Default hot-keys for kit switching:

[6] – switch to next kit for home team, [7] – switch to next kit for away team
[ctrl+6] – switch to previous kit for home, [ctrl+7] – previous kit for away team
[shift+6] – start from 1st kit for home, [shift+7] – start from 1st kit for away
[9] – toggle between PLAYERS and GOALKEEPERS mode

3. Kit configs

Inside each kit folder, you will find yet another text file with a simple format of “name=value” lines. The filename is always the same: config.txt . Comments can appear in those files too: they start with “;” symbol. Kitserver reads and writes those files (in Edit mode, when “Editor” is on – any change gets immediately saved on disk). Most of the attributes are self-explanatory, hopefully. The only types of values that perhaps need explanation are colors – those are written in HTML/CSS format: starting with the ‘#’ symbol, followed by 2 hex chars for each of the Red/Green/Blue channels: #RRGGBB. You should make sure that all color attributes have correct values, because two things depend on them:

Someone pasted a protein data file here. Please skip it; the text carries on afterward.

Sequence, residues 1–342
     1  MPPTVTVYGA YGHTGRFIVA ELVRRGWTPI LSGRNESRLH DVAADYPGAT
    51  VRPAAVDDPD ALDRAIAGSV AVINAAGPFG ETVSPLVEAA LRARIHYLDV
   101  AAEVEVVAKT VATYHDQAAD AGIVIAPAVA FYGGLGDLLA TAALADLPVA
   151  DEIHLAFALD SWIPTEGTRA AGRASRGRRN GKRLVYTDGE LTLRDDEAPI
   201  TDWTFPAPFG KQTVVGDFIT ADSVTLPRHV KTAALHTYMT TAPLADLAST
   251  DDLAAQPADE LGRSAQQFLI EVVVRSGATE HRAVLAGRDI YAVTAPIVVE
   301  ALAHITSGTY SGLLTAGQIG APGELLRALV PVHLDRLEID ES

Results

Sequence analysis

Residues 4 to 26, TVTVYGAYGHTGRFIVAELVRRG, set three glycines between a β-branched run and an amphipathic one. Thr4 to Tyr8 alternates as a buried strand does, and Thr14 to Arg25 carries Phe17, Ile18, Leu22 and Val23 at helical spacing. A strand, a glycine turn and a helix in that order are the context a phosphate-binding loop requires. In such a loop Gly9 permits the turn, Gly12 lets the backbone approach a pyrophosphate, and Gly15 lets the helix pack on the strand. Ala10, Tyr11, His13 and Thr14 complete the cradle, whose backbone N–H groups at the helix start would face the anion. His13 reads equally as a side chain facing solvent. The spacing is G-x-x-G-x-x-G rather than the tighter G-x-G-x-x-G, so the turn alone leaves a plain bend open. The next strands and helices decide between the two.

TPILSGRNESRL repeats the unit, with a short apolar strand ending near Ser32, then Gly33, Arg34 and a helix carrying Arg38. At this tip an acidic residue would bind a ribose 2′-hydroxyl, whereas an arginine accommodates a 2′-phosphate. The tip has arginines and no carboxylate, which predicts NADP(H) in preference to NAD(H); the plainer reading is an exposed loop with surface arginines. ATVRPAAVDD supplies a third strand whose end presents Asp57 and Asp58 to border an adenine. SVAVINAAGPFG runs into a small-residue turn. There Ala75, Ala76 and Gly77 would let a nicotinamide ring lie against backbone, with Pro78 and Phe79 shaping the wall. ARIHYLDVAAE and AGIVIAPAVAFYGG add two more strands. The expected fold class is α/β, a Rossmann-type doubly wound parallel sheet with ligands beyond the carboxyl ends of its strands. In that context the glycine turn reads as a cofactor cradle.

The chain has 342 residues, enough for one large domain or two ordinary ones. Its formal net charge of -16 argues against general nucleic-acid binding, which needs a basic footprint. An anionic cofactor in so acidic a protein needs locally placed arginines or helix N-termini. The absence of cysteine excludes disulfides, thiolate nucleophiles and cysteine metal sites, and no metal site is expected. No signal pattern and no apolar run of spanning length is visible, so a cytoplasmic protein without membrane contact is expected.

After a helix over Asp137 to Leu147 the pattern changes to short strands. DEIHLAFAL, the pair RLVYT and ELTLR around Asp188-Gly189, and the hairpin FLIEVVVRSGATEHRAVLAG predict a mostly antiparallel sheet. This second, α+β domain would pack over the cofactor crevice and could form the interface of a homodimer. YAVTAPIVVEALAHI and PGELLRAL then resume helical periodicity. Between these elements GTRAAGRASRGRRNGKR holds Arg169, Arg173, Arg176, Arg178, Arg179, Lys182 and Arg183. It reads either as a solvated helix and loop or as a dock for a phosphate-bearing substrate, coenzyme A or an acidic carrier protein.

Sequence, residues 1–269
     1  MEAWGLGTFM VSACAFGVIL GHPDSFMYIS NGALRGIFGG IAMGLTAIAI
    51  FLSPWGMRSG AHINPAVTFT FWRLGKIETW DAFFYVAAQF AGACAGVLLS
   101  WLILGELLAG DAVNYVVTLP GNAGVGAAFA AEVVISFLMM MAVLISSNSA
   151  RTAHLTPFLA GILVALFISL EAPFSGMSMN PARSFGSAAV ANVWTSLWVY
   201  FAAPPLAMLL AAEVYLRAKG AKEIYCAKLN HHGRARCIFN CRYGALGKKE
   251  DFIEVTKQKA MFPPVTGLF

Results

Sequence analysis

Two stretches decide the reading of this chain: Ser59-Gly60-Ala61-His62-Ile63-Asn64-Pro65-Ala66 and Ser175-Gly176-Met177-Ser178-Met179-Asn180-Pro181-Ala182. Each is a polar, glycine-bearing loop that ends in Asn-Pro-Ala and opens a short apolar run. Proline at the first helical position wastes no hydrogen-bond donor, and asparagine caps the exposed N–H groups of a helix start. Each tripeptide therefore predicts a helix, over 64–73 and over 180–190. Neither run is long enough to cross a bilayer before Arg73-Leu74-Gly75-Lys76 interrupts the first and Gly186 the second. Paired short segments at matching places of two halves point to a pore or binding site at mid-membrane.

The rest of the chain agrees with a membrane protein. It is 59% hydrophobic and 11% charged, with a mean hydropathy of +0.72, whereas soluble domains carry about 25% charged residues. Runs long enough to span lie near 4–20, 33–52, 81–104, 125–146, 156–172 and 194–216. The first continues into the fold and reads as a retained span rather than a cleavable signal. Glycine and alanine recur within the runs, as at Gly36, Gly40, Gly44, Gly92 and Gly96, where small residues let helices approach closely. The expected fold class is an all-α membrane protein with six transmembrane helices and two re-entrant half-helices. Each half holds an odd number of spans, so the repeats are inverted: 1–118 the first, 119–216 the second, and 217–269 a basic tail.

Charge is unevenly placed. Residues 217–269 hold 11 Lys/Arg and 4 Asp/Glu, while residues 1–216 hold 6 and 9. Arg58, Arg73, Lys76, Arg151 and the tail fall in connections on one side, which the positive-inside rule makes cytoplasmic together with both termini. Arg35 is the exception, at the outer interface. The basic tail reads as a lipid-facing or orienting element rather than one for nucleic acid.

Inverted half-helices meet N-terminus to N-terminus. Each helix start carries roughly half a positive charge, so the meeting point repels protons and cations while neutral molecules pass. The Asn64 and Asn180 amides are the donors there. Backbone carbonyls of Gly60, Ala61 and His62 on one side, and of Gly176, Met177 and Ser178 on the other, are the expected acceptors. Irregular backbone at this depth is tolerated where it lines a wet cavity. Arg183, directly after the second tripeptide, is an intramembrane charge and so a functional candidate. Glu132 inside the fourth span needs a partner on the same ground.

Texture file attributes – KitFile, BackNumbersFile, LegNumbersFile, NameFontFile – specify corresponding filenames for textures (FTEX files), but with the .ftex extension omitted. This is important to get right – otherwise you’ll be looking at blank white kits. The names of the files can be pretty much anything, although something short is preferred. However, they don’t need to have a team id in them or any special characters, and for example, can be named simply like this:

KitFile=kit
BackNumbersFile=back
ChestNumbersFile=chest
LegNumbersFile=leg
NameFontFile=name

Kitserver will first look for texture files right in the kit folder, and if it cannot find them there, then it will fall back on the standard path of Asset\model\character\uniform\texture\#windx11 – which can be provided by LiveCPK roots or regular CPK files. I recommend keeping all textures for the specific kit in the kit folder, or in a team/competition folder in GDB (if several teams use the same textures for numbers/name, for example). This way kit collections stay self-contained and can be re-used across different patches.

It is important that a kit config contains all attributes – as seen in sample configs for Arsenal and Chelsea. If you only have a partial config, then you will see strange things happening during kit switching – as if some parts belong to one kit, and some other parts – to another.

Example: config.txt for Arsenal “p1” kit : https://pastebin.com/953xEnzm